BREAKING – Review by Susan Wloszczyna

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Filmmaker Abi Damaris Corbin’s Breaking is a military take on 1975’s Dog Day Afternoon. In that film, Al Pacino’s bank robber committed a crime so he could pay for his male lover’s sex-change operation, which back in that era felt rather farcical given that LBTQ community was not exactly embraced back then.

That stick-up job was based on a true story and so is this one. But the mood here is different — overly melodramatic, uneasy, tense and more than somewhat manipulative as it portrays how war vets aren’t given support they need to resume life as a civilian.

On July 7, 2017, Brian Brown -Easley (John Boyega), an ex- Marine Cops lance corporal who served in Iraq and Kuwait, walks into a Wells Fargo bank in Atlanta and passes a note to a teller that says, “I have a bomb.” He wants to get the money that the Veteran Affairs owes him – namely $892 and some cents.

Brian, who we first see living in a tent city on the streets, never got the medical help that he needed and is still traumatized by what he suffered and witnessed during battle. His main priority is his young daughter Kiah, who desperately wants a dog and wants to name it for Frodo’s sidekick buddy Sam from The Lord of the Rings. Meanwhile, his ex-wife who lives in a house that presumably was his own at one time basks in the attention that her ex is getting from TV news.

He allows all but two female tellers to stay behind as the rest of the staff flees. Estel (played with nuance and a wealth of sympathetic emotion by Nicole Beharie) and Rosa (Selenis Leyva).

While Boyega does his best to give off nervy vibes and moments of despair, his performance is upstaged by the late actor Michael Kenneth Williams, whose cop acts as a go-between and a negotiator for Brian outside of the bank. He wrings plenty of drama as he stands up for Brian. Sadly, the actor who starred in the HBO series The Wire, was found dead on Sept. 6, 2021, in his home in Brooklyn. He was 54. Perhaps he might get a posthumous Oscar nomination for his work here just as Chadwick Bosman did for his supporting role in in 2020’s Ma Rainey’s Black Bottom.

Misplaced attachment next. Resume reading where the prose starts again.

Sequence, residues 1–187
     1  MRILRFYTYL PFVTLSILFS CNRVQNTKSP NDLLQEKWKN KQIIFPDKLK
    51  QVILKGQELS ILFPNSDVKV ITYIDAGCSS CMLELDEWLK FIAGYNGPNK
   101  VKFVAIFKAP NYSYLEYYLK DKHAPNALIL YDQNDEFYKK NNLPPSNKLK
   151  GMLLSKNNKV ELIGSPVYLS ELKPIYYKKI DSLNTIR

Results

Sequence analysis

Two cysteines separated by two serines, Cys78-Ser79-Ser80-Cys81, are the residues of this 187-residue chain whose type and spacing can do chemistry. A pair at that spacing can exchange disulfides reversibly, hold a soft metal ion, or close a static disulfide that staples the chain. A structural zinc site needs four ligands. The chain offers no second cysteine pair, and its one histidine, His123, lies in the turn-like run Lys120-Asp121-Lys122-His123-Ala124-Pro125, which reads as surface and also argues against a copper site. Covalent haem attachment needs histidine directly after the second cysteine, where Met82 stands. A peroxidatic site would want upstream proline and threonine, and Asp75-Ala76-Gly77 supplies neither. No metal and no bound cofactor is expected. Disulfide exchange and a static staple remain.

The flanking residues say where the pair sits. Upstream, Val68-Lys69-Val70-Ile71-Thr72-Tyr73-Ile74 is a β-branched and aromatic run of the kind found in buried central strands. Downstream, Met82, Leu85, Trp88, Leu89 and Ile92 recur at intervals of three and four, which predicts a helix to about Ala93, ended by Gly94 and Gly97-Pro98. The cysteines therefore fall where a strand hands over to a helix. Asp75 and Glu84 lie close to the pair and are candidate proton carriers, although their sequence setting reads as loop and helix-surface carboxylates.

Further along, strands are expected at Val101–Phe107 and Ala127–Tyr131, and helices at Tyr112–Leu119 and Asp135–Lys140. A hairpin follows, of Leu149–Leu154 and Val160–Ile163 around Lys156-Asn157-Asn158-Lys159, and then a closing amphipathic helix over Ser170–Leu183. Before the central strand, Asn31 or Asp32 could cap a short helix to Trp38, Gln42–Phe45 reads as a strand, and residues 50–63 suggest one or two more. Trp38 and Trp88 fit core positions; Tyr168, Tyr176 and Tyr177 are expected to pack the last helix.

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Susan Wloszczyna

In her nearly 30 years at USA Today, Susan Wloszczyna interviewed everyone from Vincent Price and Shirley Temple to Julia Roberts and Will Smith. Her coverage specialties include animation, musicals, comedies and any film starring Hayley Mills, Sandy Dennis or hobbits. Her crowning career achievements so far, besides having Terence Stamp place his bare feet in her lap during an interview for The Limey, is convincing the paper to send her to New Zealand twice for set visits, once for The Return of the King and the other for The Chronicles of Narnia and King Kong, and getting to be a zombie extra and interview George Romero in makeup on the set for Land of the Dead. Though not impressive enough for Pulitzer consideration, she also can be blamed for coining the moniker "Frat Pack," often used to describe the comedy clique that includes Ben Stiller, Vince Vaughn and Will Ferrell. Her positions have included Life section copy desk chief for four years and a film reviewer for 12 years. She is currently a contributor for the online awards site Gold Derby and is an Oscar expert for RogerEbert.com. Previously, she has been a freelance film reporter and critic, contributing regularly to RogerEbert.com, MPAA’s The Credits, the Washington Post, AARP The Magazine online and Indiewire as well as being a book reviewer for The Buffalo News. She previously worked as a feature editor at the Niagara Gazette in Niagara Falls, N.Y. A Buffalo native, she earned her bachelor's degree in English at Canisius College and a master's degree in journalism from Syracuse University.